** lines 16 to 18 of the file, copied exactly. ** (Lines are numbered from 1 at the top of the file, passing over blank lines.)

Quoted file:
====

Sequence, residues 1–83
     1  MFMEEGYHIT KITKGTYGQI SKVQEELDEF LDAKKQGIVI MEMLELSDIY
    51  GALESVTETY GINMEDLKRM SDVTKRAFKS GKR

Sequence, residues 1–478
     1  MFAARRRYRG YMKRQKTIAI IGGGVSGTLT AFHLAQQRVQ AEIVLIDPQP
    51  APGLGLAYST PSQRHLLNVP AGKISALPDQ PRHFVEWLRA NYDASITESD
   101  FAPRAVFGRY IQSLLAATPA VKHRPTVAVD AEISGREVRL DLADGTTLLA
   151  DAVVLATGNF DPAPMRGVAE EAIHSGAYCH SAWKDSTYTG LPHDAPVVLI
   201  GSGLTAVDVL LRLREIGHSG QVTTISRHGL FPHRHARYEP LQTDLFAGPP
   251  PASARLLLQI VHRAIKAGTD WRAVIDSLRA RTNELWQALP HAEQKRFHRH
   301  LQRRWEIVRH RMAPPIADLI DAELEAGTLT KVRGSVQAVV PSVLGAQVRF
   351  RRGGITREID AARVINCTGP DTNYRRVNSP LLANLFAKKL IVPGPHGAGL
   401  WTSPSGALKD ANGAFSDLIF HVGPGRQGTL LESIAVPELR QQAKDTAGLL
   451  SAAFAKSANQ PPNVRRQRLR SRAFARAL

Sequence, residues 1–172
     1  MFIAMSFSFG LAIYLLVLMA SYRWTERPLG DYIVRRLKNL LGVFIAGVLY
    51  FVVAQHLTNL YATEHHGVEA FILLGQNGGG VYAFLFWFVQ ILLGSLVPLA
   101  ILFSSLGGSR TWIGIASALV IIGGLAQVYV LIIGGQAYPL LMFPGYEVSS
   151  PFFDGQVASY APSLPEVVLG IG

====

     1  MFIAMSFSFG LAIYLLVLMA SYRWTERPLG DYIVRRLKNL LGVFIAGVLY
    51  FVVAQHLTNL YATEHHGVEA FILLGQNGGG VYAFLFWFVQ ILLGSLVPLA
   101  ILFSSLGGSR TWIGIASALV IIGGLAQVYV LIIGGQAYPL LMFPGYEVSS